• Life Cycle Assessment (LCA) of BEV's environmental benefits for meeting the challenge of ICExit (Internal Combustion Engine Exit)

      Zheng, Ge; Peng, Zhijun; University of Essex; University of Bedfordshire (Elsevier Ltd, 2021-02-19)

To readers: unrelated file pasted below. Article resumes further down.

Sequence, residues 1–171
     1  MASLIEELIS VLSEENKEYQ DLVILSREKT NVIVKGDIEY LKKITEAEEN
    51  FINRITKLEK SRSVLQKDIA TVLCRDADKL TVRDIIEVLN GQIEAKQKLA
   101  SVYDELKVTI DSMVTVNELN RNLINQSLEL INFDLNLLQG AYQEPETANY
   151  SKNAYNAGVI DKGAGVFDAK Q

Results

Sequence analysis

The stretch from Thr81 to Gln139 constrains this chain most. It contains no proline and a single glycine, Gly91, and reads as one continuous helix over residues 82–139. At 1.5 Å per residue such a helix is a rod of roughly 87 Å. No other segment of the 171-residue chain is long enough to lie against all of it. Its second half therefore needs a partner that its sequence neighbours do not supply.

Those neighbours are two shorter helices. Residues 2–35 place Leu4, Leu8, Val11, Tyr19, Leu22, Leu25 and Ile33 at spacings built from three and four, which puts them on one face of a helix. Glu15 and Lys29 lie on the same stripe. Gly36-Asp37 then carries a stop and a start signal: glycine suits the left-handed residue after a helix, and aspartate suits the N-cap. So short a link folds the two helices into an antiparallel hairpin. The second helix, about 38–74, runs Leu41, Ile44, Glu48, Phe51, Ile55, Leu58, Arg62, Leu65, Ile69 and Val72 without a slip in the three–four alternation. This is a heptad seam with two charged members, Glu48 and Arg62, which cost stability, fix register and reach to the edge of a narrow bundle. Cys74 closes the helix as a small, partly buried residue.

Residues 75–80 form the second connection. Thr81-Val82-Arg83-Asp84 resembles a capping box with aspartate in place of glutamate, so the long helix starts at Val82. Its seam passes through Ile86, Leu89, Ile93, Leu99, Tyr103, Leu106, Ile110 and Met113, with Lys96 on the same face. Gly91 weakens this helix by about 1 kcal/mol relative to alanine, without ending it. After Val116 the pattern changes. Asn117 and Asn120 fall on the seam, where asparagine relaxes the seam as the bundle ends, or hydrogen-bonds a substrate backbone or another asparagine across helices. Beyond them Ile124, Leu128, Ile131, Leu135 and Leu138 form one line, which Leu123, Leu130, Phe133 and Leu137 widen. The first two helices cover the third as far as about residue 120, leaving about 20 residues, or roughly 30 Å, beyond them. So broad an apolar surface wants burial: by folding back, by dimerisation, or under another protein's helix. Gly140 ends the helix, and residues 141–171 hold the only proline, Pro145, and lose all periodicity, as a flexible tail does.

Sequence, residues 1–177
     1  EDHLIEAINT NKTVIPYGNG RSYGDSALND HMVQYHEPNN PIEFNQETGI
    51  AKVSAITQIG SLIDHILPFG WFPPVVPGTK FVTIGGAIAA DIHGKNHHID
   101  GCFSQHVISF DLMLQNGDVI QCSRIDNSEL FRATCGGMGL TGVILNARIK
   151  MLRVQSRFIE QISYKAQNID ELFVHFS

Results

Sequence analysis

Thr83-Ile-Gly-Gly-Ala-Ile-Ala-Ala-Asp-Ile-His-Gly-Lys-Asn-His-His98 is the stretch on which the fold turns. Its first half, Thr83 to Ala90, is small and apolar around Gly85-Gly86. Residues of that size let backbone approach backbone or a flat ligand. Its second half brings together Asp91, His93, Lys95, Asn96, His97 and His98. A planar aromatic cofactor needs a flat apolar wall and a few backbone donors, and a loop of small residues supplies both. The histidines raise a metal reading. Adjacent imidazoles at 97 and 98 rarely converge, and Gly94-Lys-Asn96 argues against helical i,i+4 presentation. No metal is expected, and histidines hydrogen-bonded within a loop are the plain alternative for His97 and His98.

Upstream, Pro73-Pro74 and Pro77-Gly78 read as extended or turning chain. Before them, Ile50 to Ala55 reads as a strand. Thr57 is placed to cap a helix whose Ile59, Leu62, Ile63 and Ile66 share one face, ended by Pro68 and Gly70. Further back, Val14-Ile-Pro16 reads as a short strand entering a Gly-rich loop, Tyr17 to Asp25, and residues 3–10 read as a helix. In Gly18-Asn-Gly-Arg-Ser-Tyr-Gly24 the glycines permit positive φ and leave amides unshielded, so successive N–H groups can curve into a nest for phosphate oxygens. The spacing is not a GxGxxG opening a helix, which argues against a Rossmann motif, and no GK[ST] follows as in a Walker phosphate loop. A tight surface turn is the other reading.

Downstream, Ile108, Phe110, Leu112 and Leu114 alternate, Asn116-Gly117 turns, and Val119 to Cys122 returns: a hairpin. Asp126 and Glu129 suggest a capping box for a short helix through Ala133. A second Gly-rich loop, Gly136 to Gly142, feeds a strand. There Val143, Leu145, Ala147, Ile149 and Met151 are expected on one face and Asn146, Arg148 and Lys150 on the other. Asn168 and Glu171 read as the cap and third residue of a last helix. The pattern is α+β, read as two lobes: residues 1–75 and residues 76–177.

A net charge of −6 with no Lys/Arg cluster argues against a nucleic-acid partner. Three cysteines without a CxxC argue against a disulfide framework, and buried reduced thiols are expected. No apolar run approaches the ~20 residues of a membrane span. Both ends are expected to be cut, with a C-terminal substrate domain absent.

Based on necessary literature review, LC (Life Cycle) emissions, in particular LCCO2 (Life Cycle CO2) emissions, of BEVs (Battery Electric Vehicles) have been assessed and compared with the most efficient ICEVs (Internal Combustion Engine Vehicles), such as non-plug-in HEVs (Hybrid Electric Vehicles) and diesel cars. By considering CO2 emissions from vehicle production, vehicle recycle and the entire process of energy flow (from the mining of the energy source to a vehicle being driven), LCCO2 emission models of BEVs and ICEVs were built. For comparing between BEVs and ICEVs in terms of their LC emissions, a new measure named SRPR (Square Root of Power and Range) has been proposed for correctly reflecting the powertrain's main performance. Results show that, although BEVs have much lower ECR (Energy Consumption Rate) than non-plug-in HEV and diesel cars, their LCCO2 are very variable, and are very dependent on LCCO2 of power generation mix of specific country. In some countries where thermal power generation, in particular coal power generation, is still dominant, BEVs’ LCCO2 are apparently higher than ICEVs. If a country would like to have their BEVs operating lower LCCO2 than ICEVs, the overall average LCCO2 from their power generation mix should be at least at the level about 320 g/kWh. As a case study, by analysing the power generation development trend and the BEV development trend in China, it suggests that their aim for developing BEVs to have lower LCCO2 than ICEVs in next two or three decades would be very difficult to meet. If they like to put priority on the reduction of LCCO2 of ground vehicles, BEVs could not be widely promoted in China until they made their power generation clean enough, probably at least in next 20 even 30 years. Finally, BEVs’ other LC pollutant emissions, such as NOx (Nitrogen Oxides), PM (Particulate Matters), SOx (Sulphur Oxides) would not be a very serious problem if those thermal power generations are equipped with adequate exhaust aftertreatment for removing those pollutant emissions.